Dominion Inks Second Solar Deal with Amazon

Dominion adds 180 megawatts to its solar portfolio

Dominion has announced a major expansion of its solar alliance with Amazon Web Services (AWS), adding 180 megawatts of generating capacity at five Virginia locations. The deal will build Dominion’s solar fleet to 434 megawatts in Virginia and North Carolina, close to its goal of 500 megawatts by 2020. Dominion’s eight-state fleet will reach 1,400 megawatts by 2017.

The Richmond-based utility is acquiring four 20-megawatt projects from Virginia Solar LLC as well as a 100-megawatt development from Community Energy Solar in Southampton County. Dominion Energy, a Dominion subsidiary, will supply electricity under the terms of long-term power purchase agreements with AWS, Amazon’s cloud computing enterprise.

AWS, a major operator of data centers in Northern Virginia, has announced a long-term goal of achieving 100% renewable energy for its global infrastructure, with a milestone of 50% by the end of 2017.

“We are nowhere near done,” said Peter DeSantis, AWS vice president-infrastructure, said in a press release. “We will continue to make progress toward 100 percent and have many exciting initiatives planned.”

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10 responses to “Dominion Inks Second Solar Deal with Amazon”

  1. Although slow to move in this direction in Virginia, Dominion is now responding to customer requests for renewable energy. The RE100 is a collaboration of many of the world’s most influential companies who are committed to 100% renewable electricity. Where possible, they are developing projects with third-party developers or utilities. Amazon is one of those companies.

    In Virginia, those choices are more limited, but Dominion can see that these companies will seek renewable sources regardless of the regulatory scheme in a state or will move operations to those locations where their long-term goals can be fulfilled. Dominion would rather maintain the customer so they are trying to provide the renewable generation themselves.

    I support the production of more renewable energy because it serves the customer and other ratepayers and is a long-term lower cost source of generation for the utility.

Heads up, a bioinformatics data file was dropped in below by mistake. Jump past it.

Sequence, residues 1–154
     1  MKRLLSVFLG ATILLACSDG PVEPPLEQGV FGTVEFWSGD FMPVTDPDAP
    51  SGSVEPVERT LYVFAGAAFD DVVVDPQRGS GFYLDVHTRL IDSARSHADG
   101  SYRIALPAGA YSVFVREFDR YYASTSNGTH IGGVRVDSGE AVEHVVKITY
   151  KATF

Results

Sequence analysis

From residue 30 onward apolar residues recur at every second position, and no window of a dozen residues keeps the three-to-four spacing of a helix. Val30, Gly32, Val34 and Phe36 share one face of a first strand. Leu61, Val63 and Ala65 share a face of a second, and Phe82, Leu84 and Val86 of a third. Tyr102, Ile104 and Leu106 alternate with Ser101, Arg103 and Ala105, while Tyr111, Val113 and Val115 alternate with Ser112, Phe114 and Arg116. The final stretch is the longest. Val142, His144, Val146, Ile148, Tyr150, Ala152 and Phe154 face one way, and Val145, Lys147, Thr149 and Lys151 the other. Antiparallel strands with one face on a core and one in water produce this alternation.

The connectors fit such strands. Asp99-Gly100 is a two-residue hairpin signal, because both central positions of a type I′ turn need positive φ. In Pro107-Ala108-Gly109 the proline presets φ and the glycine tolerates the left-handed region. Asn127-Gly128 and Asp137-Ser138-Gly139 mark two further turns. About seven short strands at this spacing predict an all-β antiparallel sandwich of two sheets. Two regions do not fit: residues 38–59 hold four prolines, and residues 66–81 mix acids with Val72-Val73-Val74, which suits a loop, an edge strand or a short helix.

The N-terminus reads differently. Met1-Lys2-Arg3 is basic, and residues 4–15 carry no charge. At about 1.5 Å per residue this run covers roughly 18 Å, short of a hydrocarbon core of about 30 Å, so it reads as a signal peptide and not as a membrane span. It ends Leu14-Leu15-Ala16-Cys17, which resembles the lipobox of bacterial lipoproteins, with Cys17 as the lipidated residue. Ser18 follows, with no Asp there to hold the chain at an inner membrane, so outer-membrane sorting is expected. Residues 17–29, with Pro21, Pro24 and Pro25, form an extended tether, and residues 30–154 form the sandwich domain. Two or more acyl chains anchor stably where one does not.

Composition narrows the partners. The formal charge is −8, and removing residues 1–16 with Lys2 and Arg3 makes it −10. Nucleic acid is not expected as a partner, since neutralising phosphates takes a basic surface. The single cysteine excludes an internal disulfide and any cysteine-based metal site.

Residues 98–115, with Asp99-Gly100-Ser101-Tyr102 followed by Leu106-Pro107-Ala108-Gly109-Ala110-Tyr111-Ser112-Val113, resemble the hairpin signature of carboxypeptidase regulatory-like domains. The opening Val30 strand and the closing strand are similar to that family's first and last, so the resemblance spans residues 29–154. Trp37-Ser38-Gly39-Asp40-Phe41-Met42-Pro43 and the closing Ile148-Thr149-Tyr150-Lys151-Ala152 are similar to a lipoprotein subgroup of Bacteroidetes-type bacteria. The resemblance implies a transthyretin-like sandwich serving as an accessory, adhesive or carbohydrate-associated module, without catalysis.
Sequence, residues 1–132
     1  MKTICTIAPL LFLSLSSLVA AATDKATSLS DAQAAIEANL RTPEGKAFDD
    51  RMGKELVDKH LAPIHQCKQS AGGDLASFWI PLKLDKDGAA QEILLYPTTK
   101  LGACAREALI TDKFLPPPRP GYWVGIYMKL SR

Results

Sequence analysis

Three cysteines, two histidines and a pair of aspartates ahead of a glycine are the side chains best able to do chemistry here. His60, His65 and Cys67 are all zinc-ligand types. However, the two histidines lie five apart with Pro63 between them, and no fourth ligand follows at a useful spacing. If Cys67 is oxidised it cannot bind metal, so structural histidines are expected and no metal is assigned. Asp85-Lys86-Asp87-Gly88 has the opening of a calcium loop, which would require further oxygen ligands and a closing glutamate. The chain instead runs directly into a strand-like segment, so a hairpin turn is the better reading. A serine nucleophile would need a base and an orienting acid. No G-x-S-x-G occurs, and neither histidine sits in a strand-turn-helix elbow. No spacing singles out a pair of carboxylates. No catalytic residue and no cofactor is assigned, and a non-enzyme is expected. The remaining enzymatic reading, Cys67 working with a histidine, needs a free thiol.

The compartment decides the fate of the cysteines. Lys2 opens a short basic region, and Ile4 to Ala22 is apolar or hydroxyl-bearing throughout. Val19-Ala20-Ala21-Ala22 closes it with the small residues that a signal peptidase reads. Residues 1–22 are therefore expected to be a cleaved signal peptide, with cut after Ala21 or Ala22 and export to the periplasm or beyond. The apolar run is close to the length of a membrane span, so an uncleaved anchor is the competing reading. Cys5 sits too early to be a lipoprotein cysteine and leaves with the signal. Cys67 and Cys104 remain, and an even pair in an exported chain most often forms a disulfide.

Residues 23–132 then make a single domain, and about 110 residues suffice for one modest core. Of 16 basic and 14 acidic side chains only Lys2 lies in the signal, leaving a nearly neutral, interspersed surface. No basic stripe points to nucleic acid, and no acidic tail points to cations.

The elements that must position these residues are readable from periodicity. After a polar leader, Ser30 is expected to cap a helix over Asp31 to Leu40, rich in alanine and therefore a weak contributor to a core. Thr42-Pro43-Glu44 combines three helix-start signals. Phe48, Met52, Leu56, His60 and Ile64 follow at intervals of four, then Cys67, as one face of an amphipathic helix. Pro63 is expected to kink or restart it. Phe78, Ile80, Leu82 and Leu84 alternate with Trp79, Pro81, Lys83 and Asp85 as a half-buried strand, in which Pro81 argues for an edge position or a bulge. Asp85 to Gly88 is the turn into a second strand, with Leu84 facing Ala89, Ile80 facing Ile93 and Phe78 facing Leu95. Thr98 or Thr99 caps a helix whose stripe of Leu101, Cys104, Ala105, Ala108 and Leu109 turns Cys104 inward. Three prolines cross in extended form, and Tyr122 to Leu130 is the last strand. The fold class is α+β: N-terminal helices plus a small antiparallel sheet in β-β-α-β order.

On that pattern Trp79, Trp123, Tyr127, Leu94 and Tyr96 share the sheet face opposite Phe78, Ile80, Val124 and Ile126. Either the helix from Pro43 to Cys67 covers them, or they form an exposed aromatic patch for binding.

I would prefer to see solar move forward on a level playing field in Virginia, however. In other states, the cost of energy from solar facilities is usually lower from projects built by third-parties because they have a leaner organization, lower overheads and are willing to work on lower margins. It is unfair to give an economic advantage to utilities that have a guaranteed profit and whose risk is borne by the ratepayers. There is no reason that solar project development could not be restricted to the for-profit subsidiaries of the utilities and opened to third-party development throughout the state. Utilities would compete on a more equal footing with third parties but would still enjoy the ITC benefits and greater access to capital. Dominion’s solar subsidiary has done a number of solar projects throughout the U.S. and a year or so ago, moved their headquarters to Richmond.

    In North Carolina, where Duke has maneuvered to diminish third-party participation in solar development, solar developers and lawmakers have complained that the amount of solar could be 5 times higher in North Carolina (even though it is one of the top 10 states for solar now) if Duke was not allowed to suppress third-party development.

    Utilities are in a tough spot with the cost-of-service rate model. Even though Dominion is putting in huge penalties against solar in their IRP in order to justify more gas plants, I am sure many in the company recognize the declining cost of solar and storage and its potential to disrupt their current business model. Their best response is to try and control all of the solar themselves and put it in the rate base. But this does not best serve the customer or the grid.

    We need to examine better ways of keeping Dominion financially healthy while serving the interests of the ratepayers.

    1. “If Duke was not allowed to suppress third-party development” — can you elaborate on what Duke is doing that’s having a “suppressing” effect?

      1. Acbar,